Tag: differences

Member Post

 

The last couple of weeks, several people (some of whom I consider to be friends) have been very angry with the management of Ricochet. Most recently they have been furious with Rob Long. I haven’t heard his comments yet, but I’ve been reflecting on the choices people are making to leave, and I don’t relate […]

Join Ricochet!

This is a members-only post on Ricochet's Member Feed. Want to read it? Join Ricochet’s community of conservatives and be part of the conversation. Join Ricochet for Free.

Will Our Relationships Survive Politics?

 

When I first began to lament the absence of values in politics many years ago, I was told, in so many words, that’s politics. Get over it. Politics has followed its own set of rules forever, and that was simply the way things were. I should hold my nose and vote for the least bad candidate.

Whether or not that is still true today is something we can discuss. Of more importance to me is the role politics and values play in my relationships. The people on the Left with whom I’m friends are caring people; they aren’t violent or angry. In fact, I love them in part because of their kindness (and for tolerating me!)

But I’ve become uncomfortably aware that their intelligence and kindness may not be enough to maintain our friendships. They have taken positions politically and are resoundingly on the Left. There was a time when I simply said, well, we have so much in common otherwise that we’ll be okay if we simply avoid politics.

Bridging the Abyss

 

It’s been difficult at times to post on Ricochet, and nearly impossible to discuss politics with anyone who isn’t a conservative outside of Ricochet. With some of these conversations erupting into conflict, I decided to shed some light on the topic of conflict. It doesn’t matter which “side” you’re on: I’m talking to you. After all, if you experience serious conflict, it’s your own fault.

Let me explain a few things before I delve further into this topic. First, I use the term “serious conflict,” because every living human being experiences conflict several times a day, every day, whether or not you visit Ricochet. So I’m not talking about minor skirmishes, choices of whether to start your diet today or tomorrow, or whether to go out for Chinese or Italian. I’m talking about the heavy duty stuff. There is no permanent elimination of conflict—at least, not until you die.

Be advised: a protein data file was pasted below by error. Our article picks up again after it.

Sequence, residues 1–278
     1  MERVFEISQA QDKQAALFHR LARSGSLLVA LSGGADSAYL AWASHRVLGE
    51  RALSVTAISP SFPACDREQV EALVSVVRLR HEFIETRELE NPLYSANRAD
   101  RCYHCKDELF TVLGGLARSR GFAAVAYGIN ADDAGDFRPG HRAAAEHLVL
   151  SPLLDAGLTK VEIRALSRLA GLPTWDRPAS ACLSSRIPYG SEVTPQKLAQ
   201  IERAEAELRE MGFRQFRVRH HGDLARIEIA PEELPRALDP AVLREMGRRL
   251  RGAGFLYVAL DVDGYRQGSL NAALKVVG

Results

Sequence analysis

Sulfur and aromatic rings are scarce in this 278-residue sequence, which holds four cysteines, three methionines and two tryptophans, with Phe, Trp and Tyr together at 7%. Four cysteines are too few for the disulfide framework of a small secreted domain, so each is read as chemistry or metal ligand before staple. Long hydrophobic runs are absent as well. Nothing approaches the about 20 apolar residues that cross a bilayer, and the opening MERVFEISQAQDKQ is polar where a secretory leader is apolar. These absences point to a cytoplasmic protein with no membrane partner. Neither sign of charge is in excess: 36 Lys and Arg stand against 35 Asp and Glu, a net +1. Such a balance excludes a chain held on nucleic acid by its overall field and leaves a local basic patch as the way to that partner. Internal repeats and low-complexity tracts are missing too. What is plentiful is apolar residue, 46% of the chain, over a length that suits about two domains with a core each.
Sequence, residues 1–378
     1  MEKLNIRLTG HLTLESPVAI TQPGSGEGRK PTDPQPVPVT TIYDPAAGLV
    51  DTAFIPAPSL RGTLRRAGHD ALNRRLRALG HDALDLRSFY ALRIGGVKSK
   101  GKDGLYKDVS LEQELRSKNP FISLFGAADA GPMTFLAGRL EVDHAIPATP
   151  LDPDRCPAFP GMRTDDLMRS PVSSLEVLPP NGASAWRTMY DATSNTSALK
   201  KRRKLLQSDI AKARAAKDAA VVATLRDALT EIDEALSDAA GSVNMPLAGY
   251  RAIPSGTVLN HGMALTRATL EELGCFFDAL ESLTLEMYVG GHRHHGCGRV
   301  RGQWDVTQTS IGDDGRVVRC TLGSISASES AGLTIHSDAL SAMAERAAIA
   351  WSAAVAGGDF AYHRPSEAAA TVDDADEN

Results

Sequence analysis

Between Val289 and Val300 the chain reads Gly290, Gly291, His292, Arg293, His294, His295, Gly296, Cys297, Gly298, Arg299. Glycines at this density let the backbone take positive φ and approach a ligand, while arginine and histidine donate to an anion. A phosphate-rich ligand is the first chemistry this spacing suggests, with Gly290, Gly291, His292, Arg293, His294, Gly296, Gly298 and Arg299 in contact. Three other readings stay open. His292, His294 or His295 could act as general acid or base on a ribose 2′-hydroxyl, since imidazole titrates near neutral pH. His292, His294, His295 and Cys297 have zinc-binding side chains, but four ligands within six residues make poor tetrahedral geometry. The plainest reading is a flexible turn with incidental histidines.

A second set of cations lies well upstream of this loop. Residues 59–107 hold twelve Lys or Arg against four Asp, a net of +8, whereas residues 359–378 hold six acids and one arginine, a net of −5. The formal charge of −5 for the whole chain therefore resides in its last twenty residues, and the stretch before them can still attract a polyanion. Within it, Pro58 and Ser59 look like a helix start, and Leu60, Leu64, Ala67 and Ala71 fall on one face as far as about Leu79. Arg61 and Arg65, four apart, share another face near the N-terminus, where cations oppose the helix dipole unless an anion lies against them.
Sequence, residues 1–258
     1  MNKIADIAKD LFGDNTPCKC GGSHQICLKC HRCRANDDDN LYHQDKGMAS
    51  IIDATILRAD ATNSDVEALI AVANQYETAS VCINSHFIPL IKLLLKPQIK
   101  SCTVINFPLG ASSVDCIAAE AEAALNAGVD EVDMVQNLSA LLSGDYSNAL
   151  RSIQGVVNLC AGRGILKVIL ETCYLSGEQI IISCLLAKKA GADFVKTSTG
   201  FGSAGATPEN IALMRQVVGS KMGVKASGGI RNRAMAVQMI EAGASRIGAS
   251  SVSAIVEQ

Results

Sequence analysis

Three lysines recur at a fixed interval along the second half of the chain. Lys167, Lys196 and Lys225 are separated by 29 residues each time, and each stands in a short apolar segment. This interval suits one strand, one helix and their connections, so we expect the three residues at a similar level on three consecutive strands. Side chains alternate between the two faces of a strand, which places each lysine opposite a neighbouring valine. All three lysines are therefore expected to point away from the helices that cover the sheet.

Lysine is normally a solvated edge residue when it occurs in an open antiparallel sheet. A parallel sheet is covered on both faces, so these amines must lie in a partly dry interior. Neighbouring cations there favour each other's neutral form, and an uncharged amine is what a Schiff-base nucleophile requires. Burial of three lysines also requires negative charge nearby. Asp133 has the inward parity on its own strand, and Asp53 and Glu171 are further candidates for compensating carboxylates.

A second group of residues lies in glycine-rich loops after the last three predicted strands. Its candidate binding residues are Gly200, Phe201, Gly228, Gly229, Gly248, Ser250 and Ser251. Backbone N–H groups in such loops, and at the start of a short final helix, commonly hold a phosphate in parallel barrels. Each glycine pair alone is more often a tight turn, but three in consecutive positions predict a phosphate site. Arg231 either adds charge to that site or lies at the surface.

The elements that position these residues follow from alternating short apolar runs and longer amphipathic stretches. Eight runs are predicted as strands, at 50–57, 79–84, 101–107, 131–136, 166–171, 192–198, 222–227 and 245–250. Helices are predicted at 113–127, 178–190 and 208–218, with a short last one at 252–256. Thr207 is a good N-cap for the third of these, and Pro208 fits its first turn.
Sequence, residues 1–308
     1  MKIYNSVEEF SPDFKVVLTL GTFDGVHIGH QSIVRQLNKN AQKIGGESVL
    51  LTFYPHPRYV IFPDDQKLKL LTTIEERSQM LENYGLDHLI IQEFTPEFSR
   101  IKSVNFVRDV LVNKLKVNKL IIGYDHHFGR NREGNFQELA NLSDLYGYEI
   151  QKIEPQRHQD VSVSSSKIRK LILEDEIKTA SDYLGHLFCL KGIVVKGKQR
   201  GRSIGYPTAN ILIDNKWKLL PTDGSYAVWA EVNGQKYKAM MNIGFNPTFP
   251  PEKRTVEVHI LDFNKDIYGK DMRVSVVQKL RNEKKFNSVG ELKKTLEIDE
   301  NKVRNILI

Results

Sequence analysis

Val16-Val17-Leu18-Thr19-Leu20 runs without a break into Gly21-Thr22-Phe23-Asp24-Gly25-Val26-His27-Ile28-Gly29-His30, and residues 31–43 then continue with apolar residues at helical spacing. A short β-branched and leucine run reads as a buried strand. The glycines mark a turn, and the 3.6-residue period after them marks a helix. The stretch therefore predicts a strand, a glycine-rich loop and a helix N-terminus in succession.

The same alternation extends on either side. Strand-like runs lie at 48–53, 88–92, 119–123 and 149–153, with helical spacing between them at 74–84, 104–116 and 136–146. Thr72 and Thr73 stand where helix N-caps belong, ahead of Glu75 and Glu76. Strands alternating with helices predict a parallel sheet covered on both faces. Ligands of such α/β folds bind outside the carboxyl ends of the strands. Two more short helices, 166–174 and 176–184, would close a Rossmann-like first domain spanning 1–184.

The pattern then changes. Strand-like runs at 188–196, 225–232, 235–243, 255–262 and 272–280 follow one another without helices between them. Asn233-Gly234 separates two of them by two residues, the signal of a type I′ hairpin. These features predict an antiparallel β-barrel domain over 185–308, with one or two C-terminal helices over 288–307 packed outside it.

The first reality to acknowledge is there’s no objective reality. Yes, I see the conflict already in my statement. Unfortunately each of us thinks we have the clearest vision of the world, of Truth, and everyone else can and should see the world as we do, right? Wrong. No one else sees your reality or your world, or whatever you choose to call it. You may argue that there are universal truths, though. Well, good luck when you try to identify the list: all of us can state universal truths—based on our own world views. What about the objective realities of mathematics or science? One only needs to study Einstein or climate change to know there is no fixed or objective science there, either. Even with the simple experience of sitting right next to a person in a closet: you may generally describe the closet in the same way, but you’ll likely have a different experience of that closet which influences your perceptions of the closet. It gets very interesting when you try to describe what seems to be a clear-cut experience and you both describe it quite differently: who’s right? Who’s wrong? Both of you and neither of you.